Harvest time!

Grotesque Bintje potato

I have been holding off on harvest, hoping against hope that some Black Prince and Bonnie Best tomatoes would ripen on the vine. Unfortunately it can be delayed no longer. We are going to the cottage for Thanksgiving weekend and there is a probability of frost. Thursday Danny helped me haul in the potatoes and tomatoes.

Bintje potato harvest

I dug the Norland and Warba potatoes much earlier in the summer but left the Bintje in the ground. They rewarded us with a much more substantial crop. Several bizarre shapes emerged, apparently from tubers growing together. These should last us for a couple of months. Lately I have been using potatoes primarily for gluten-free pizza and quiche crusts—easy and delicious!

Disappointing tomato harvest

The tomato vines grew strong and I was able to keep them watered well enough through the July drought. They produced lots of fruit, but they simply would not ripen. Heavy rain in early August and again in September caused many of the largest fruit to crack. Golden Cherry finally started ripening nicely in September. So far we have had none from the two larger varieties. Overall the tomatoes were a major disappointment.

Tomatoes may ripen on the windowsill

Setting them on our south-facing windowsill may help some of them ripen. Later I will try putting a few in a paper bag with an apple. Apples produce ethylene, which helps other fruit ripen.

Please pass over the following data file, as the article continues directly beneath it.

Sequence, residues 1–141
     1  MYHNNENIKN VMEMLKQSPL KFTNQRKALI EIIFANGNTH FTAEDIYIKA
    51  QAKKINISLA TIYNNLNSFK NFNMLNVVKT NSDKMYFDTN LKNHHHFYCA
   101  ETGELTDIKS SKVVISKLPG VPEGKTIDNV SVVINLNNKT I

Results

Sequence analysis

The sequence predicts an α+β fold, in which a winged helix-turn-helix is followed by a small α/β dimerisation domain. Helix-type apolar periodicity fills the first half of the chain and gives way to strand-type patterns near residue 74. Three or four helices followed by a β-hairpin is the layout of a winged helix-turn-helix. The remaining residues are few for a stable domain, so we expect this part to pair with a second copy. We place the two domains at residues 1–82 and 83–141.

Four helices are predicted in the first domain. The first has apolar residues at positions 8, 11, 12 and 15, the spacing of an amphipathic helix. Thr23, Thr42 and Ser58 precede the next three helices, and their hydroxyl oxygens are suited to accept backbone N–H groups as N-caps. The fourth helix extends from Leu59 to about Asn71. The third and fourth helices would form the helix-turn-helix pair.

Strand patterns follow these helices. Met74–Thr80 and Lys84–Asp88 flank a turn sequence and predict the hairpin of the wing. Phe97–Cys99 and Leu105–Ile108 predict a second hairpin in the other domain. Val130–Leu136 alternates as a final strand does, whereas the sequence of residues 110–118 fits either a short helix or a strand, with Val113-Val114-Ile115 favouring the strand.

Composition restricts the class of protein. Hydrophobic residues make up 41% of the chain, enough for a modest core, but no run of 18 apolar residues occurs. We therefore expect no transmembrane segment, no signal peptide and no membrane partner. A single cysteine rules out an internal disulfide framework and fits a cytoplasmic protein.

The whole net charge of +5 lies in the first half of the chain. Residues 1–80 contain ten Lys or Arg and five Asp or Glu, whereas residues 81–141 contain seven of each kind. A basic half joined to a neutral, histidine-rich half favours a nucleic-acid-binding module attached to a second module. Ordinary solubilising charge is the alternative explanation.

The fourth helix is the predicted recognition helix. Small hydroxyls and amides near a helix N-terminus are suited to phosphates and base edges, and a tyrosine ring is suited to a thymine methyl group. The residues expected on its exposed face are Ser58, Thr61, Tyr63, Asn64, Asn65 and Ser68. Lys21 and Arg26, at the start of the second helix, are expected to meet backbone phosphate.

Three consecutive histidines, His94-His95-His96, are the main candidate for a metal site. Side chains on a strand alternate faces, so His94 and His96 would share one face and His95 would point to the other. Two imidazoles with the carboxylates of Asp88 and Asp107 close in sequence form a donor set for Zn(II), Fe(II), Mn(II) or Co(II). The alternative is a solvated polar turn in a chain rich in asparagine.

A few days ago I picked five nice Table Queen acorn squashes. We ate three of them before I thought of photographing them.

I planned to harvest some herbs on Friday morning before we left for the weekend: rosemary, thyme, tarragon, lemon verbena and pineapple sage. Some will be dried, some steeped in vinegar, and some of the tender cuttings hopefully rooted for next year.

To my delight, we also have a few nice, husky leeks. Most of the transplants were eaten early in the summer by the groundhog or rabbits, but five or six were passed over. I hardly noticed them growing there, and now they are huge. Honestly, I have hardly ever seen leeks bigger than these. Frost will not hurt them, so they can stay in the garden until I need them. I will post photos later. Eventually they may go into a soup with some of those potatoes. The rewards of vegetable gardening are unpredictable.


Comments

Harvest time! — 3 Comments

  1. Totally unpredictable. Mine was a washout. Tomatoes never happened, but the gray squirrels are sure eating the abundant green ones. I’m glad you got something worth saving with the potatoes at least. Apples here are really good despite a warm March followed by killing frost in April that hit some growers with frozen flower-buds on the trees.

  2. Pingback: In praise of potatoes | Speed River Journal

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